Hangama Amiri is an Afghan Canadian artist whose fabric installations reflect and refract. Her life-sized tapestries, collected in “Bazaar, A Recollection of Home,” recreate apartment blocks and shopping districts in her home country of Afghanistan, reinvented and distorted through the lens of memory. Using a wide range of textiles in many textures, Amiri creates kaleidoscopic collages of vibrant and varied patterns, arranged in eye-catching compositions that invite meditations on the fragmentary nature of memory and on how we recreate our own pasts from pieces of the present.

Originally a painter, Amiri opts for a distinctively flattened composition that pulls different dimensions of space onto the same visual plane. In “Bazaar, A Recollection of Home,” places push up against each other, intersecting and overlapping. Every available space is filled with some design or motif, suggesting a crowded and many-layered relationship to the past. She excavates memories that are not only personal but engaged with how sociopolitical events have shaped her family’s history in Afghanistan.

Amiri researches places she remembers from childhood, looking up photos online and collecting cultural artifacts. In this way, she revisits old memories and discovers new aspects of them. Her final pieces are both reflective of history and highly contemporary, hybrids of multiple eras. I spoke to Amiri about the central piece and largest in “Bazaar, A Recollection of Home” — a depiction of several connected shops titled “Bazaar” (pictured above).

Hua Xi for Guernica

Guernica: Your final pieces involve a range of materials, but where do these visuals begin for you? Do they begin on paper?

Hangama Amiri: I start first with sketches, small drawings. I still have the drawing for “Bazaar” here with me on the wall. This piece came through a kind of understanding about collective memory, and these memories I had as a child of Afghanistan.

Textiles are very tactile. They’re very related to smell, to touch. They’re a very seductive material. So it really works when I incorporate personal memories, fragile memories, and connect them to the fabric’s qualities.

Guernica: Are there specific moments in memory that you are drawing on?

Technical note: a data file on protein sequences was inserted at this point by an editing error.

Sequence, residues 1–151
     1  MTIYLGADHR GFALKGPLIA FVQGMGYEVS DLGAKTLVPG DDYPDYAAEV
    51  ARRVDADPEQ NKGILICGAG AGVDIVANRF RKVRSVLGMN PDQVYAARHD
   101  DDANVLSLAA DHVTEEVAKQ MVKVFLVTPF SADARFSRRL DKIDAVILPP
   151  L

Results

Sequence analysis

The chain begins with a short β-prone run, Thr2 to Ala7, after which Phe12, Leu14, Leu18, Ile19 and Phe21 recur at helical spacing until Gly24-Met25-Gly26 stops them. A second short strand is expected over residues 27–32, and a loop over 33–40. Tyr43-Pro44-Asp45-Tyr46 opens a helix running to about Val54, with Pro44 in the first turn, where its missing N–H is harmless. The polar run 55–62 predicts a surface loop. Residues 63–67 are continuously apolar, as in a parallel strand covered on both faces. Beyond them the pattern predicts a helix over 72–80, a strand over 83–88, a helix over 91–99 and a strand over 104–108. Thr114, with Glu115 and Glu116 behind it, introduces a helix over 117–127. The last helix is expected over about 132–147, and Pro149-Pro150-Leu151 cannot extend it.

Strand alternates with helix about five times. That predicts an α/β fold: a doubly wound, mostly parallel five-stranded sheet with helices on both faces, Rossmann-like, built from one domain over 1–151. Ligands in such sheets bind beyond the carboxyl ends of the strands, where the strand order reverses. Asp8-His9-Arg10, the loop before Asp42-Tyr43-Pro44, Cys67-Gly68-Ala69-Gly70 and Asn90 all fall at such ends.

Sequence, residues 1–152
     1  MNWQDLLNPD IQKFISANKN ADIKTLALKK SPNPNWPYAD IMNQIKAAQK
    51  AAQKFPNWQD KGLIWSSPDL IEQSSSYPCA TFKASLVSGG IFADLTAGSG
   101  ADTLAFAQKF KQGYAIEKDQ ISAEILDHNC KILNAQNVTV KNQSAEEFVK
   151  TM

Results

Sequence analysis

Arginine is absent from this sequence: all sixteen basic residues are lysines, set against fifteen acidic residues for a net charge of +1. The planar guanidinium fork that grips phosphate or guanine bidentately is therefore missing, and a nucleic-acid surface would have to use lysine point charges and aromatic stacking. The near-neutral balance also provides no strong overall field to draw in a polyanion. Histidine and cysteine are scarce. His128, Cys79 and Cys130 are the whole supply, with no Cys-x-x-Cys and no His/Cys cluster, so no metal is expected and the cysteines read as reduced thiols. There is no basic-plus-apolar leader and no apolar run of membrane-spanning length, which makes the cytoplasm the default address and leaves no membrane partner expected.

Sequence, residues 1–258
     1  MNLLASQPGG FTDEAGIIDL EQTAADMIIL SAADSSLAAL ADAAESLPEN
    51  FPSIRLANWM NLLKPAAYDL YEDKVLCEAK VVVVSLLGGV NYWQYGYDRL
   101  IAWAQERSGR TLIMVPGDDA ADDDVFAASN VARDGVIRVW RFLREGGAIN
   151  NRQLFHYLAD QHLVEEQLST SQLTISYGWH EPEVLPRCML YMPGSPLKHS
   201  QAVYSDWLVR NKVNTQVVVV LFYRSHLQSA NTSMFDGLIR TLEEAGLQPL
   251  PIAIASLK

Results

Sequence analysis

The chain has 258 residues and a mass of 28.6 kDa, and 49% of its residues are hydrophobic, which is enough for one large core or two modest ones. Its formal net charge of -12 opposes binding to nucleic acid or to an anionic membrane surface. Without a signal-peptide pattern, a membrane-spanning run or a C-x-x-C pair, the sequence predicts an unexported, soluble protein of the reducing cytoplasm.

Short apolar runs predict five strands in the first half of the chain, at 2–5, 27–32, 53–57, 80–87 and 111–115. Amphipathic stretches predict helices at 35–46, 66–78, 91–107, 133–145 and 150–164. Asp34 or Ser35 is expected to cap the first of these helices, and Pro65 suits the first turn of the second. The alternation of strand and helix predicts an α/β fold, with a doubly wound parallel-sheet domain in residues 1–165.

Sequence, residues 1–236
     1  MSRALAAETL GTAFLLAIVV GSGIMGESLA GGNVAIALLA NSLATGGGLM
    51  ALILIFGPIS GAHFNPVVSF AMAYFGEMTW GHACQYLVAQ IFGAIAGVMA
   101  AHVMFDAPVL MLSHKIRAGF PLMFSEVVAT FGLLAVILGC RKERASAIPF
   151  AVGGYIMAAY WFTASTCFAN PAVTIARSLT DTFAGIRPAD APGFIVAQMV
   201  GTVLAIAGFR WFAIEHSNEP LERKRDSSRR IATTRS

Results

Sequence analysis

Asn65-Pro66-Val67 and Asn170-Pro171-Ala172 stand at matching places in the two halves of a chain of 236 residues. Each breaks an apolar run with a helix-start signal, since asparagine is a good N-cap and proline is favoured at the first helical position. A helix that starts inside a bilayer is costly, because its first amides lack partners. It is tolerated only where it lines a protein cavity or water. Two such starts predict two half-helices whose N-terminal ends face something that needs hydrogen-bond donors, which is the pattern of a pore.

Amiri: “Bazaar, A Recollection of Home” is based on growing up around the bazaar environment. When I was in Afghanistan — between 1994 and 1996, before the Taliban came — we used to live in a very small neighborhood in Kabul, the Macroyan Kohna. It consisted of these building complexes built by Russians where a lot of middle-class Afghan families could afford to live, and these communities also had little markets and little bazaars. Growing up, we would go to the bazaar, and the memory of seeing the stores and the fabrics was my first inspiration for this piece.

One of my uncles was also a tailor, and I used to visit his shop in the mornings before school. Being in his shop, I was very inspired to see how people worked: seeing the scissors, seeing all these beautiful cotton fabrics that he’d receive from neighbors or from clients. So this idea of the community created by the bazaar really influenced me, and this idea of how a neighborhood comes together.

Guernica: Your works flatten and compress space in really interesting ways. Does that reflect your memories of the bazaar?

Amiri: A lot of bazaars are market environments. The shops are built on the street level of these buildings and they’re all side by side and they’re very cramped together but still have this narrow passage in between that people can walk through. I wanted to create a panoramic piece that suggested all these stores side by side, and that also gave you a bodily engagement with the world. Since this piece is also life-sized, it’s very immersive. When you walk up to it, you feel like you are in this fabric shop, seeing how the fabrics are hung.

Guernica: Does it take you a lot of sketches to arrive at the more finalized drawing that serves as a draft for the textile?

Amiri: It’s a lot of drawings. I’m interested in bodies of drawings, collections of drawings. I want to bring my thoughts and my memories onto the paper using pencil or colored pencil or whatever I can find. If I am not satisfied, then I do more drawing. Starting from those drawings, I edit. And in the editing process, I begin to research more and find histories and context for the images in my mind. Like where these images first came from.

I made this initial collage by cutting along the edges of the drawings. These were originally drawn on different papers. They’re really poor drawings too. But that’s how I do it. Sometimes they’re not perfect. The whole piece is like a fragment. I’m really interested in these imperfect edges that kind of reflect how memory works for me. These are fragments of experiences that I have.